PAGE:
Man trampled by bull at Great Yorkshire Show says he has no ill feelings towards the animal

A farmer who needed hospital treatment after his prize bull was spooked at the Great Yorkshire Show has spoken of his ordeal.

Farmer William Barron, 61, was trampled by his prize bull Barrons Oslo at the Great Yorkshire Show on Tuesday
Farmer William Barron, 61, was trampled by his prize bull Barrons Oslo at the Great Yorkshire Show on Tuesday

Great Yorkshire Show verdict as 161st show in Harrogate goes one better than last yearWilly Barron, 61, of Morrow Edge Farm in Burnhope, County Durham, said there was “no malice” in his 16-month-old Limousin bull, Barrons Oslo, after it was startled by an umbrella and slipped while leaving the ring at about 9.45am on Tuesday.

The bull had been named as a junior male champion and overall champion in the show’s British Limousin class during a season which has already fetched a number of other accolades.

Mr Barron said: “He was leaving the show and apparently somebody opened an umbrella and startled the bull and he slipped on the ramp.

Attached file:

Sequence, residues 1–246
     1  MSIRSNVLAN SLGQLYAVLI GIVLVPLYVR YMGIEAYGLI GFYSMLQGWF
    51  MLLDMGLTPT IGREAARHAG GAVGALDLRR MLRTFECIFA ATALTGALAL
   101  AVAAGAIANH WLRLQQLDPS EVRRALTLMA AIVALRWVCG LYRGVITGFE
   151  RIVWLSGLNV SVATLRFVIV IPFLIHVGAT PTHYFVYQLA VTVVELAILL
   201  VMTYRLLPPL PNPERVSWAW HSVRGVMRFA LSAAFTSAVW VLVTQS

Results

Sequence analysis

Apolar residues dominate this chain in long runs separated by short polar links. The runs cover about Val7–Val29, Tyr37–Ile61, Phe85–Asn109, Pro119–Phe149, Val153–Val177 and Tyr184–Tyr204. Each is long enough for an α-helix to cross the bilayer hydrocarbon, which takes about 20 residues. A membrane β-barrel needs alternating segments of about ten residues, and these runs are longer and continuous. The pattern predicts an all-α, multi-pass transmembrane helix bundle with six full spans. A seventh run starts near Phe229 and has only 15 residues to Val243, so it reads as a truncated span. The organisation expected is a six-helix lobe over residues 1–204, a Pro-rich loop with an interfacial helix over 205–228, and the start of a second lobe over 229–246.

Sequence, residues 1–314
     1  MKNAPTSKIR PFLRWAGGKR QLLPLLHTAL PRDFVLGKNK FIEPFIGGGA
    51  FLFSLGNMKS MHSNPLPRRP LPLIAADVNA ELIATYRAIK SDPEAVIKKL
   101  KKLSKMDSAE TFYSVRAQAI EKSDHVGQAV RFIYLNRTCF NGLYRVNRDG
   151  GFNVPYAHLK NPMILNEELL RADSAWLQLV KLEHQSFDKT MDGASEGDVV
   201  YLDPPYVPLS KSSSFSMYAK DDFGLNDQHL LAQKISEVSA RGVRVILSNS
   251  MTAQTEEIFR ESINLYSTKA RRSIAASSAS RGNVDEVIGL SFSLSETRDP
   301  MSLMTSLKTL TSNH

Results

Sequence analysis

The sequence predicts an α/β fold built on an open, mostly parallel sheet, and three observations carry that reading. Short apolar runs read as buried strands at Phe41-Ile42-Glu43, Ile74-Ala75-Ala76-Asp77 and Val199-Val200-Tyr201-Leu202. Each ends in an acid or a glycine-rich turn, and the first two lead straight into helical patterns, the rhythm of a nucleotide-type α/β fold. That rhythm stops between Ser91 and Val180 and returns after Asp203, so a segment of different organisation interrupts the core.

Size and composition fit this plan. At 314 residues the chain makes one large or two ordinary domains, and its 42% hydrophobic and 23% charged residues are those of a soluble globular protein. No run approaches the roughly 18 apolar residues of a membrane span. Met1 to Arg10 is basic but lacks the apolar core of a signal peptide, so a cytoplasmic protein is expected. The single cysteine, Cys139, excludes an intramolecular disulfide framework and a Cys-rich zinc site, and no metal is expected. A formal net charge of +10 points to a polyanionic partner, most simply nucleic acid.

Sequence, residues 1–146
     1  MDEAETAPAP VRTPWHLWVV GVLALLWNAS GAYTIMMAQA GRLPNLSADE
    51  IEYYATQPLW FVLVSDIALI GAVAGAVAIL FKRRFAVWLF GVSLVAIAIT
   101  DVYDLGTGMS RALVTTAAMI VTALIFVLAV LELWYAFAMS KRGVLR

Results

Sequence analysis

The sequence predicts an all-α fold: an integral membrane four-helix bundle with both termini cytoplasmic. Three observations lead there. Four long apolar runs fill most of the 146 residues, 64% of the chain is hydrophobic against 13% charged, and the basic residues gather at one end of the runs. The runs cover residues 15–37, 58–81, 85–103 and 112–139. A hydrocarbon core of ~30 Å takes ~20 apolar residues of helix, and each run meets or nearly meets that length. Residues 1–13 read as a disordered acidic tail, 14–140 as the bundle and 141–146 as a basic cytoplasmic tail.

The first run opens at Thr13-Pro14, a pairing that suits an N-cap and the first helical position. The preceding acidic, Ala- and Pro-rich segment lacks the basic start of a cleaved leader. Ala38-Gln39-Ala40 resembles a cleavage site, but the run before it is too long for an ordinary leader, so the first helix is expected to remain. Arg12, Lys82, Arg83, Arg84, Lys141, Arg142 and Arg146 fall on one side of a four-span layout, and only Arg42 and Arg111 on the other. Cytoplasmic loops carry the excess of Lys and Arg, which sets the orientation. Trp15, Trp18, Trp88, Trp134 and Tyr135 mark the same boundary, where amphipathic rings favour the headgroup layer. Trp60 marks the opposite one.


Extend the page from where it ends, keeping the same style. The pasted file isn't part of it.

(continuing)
“If he hadn’t slipped on the ramp, then he would have probably dealt with the umbrella.”

Great Yorkshire Show visitors cross the ocean to meet their Yorkshire vet hero Julian NortonMr Barron added that the animal went back down the ring and dragged him along, knocking him unconscious. During the incident, Mr Barron said he was working to ensure the bull did not go near audience members.

The experienced farmer was taken to Harrogate District Hospital, where he was given stitches behind his ear. After being given the all-clear, Mr Barron went back to the showground to ensure his bull was alright.

He said: “He’s never been any bother. It’s just one of those things where he got spooked. There’s no malice.”

Barrons Olso has had a successful season, having won other competitions including the male champion prize at the Northern Limousin Extravaganza in Skipton in May and reserve male at Cumberland Show last month.

Explained - Harrogate council's response to traffic congestionMr Barron, who has been farming since he was 12, returned to the showground on Tuesday afternoon, where he was visited by show director Charles Mills.